By David Fleet
Groveland Twp.- By this fall two miles of a primary township road will be much smoother and safer.
In August 2019 the township board of trustees voted 4-0 to pave two miles of Barron Road. Trustee James Christopher was absent with notice.
At a cost of $5.3 million, the process of paving Barron Road between Groveland to Perryville roads has started. The project was expanded by an additional mile during the August meeting.
The federal aid will pay for 80 percent of the project, the Road Commission for Oakland County and the township will split the remaining 20 percent of the cost.
“They (RCOC) pave about one mile of road in Oakland County every year and there’s about 700 miles (of unpaved road) to choose from,” said Bob DePalma, township supervisor. “It’s a long laborious process so this opportunity to get this (additional mile) squeezed in here is a good deal for the township.”
There’s about $3 million in the township infrastructure fund, where the $530,000 has been set aside for the project, he said. The infrastructure account, established in 2009, includes funds earmarked for projects such as road paving, property development and emergency reserves. A transfer from the infrastructure account requires board approval.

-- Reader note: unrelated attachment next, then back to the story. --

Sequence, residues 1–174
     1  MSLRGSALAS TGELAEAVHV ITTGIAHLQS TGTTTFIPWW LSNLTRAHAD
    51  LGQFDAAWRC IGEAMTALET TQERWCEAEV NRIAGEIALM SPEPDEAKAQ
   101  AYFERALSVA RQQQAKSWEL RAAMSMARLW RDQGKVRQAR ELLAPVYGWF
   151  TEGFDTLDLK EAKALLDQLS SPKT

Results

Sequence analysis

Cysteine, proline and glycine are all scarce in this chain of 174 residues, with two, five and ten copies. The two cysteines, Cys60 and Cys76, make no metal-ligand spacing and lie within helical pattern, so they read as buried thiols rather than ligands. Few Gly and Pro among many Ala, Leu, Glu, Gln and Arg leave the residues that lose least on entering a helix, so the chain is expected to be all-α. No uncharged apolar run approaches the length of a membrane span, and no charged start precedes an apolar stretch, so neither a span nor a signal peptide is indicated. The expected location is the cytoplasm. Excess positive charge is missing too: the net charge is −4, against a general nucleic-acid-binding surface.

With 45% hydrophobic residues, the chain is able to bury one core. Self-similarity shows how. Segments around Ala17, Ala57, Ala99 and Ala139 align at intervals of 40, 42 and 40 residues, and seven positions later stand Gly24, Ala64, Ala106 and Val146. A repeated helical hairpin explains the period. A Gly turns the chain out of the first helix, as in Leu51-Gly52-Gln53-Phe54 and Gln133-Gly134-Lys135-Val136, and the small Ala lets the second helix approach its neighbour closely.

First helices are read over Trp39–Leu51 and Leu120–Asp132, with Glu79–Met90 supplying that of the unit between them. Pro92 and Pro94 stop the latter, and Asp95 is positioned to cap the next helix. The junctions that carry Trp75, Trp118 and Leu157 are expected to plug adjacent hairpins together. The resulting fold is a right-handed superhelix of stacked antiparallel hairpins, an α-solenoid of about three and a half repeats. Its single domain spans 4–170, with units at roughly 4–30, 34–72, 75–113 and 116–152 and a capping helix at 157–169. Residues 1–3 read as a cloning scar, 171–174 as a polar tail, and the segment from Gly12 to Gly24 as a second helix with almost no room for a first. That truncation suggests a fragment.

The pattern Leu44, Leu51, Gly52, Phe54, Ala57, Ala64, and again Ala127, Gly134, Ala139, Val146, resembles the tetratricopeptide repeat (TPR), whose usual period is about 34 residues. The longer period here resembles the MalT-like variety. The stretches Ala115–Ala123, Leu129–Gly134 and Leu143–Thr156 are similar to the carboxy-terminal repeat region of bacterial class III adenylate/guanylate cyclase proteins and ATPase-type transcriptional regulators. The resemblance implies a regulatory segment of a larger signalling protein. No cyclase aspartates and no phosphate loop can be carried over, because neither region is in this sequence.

The extra money for Barron Road was made available from the Local Federal Fund Exchange program, a County Road Association-developed program that allows a county road agency, like the Road Commission for Oakland County to sell its highly-regulated federal Surface Transportation Program Rural funds for more flexible non-federal dollars to another county road agency at a mutually agreed upon rate.
“They want to pave the whole road in 2021 and it will be insurmountably saver then it is now,” he said. “There are lot of hills and dips on the Barron Road. A couple of them are really high and to meet the federal aid requirements they try to bring the high spots down as low as they can. It will be a much safer road.”
To meet the federal standards some trees will be cut along the road and low spots filled in to improve sight lines of drivers.
Jeff O’Brien, design engineer for the RCOC along with other representatives attended a November 2019 meeting for residents that live on Barron Road or that could be impacted by the project. Included in the project will be a center turn lane at Grange Hall and Barron roads and a mix of shoulders, curb and gutters.
Barron Road carries about 840 cars per day.
“The road (qualifies) for rural funding in the county,” said O’Brien. “Barron Road is a Primary road on the county paving plan for past two decades and was a priority for the township. We have a very small rural area in the county where the (federal) funding can be used.”
Federal funding is set for the Primary roads, like Barron which goes from the south side of the township to the north side, he said.
A Primary Road is a designation by state and federal officials.
“Impact to the environment will be minimized,” he added. “Many of these ditches have not been touched in decades.”
A total of 15 foot of elevation will be cut from the hill just south of the Perryville Road intersection. Every driveway of the about 20 impacted by the project will receive an apron. The ditches will be reconstructed and culverts will be replaced.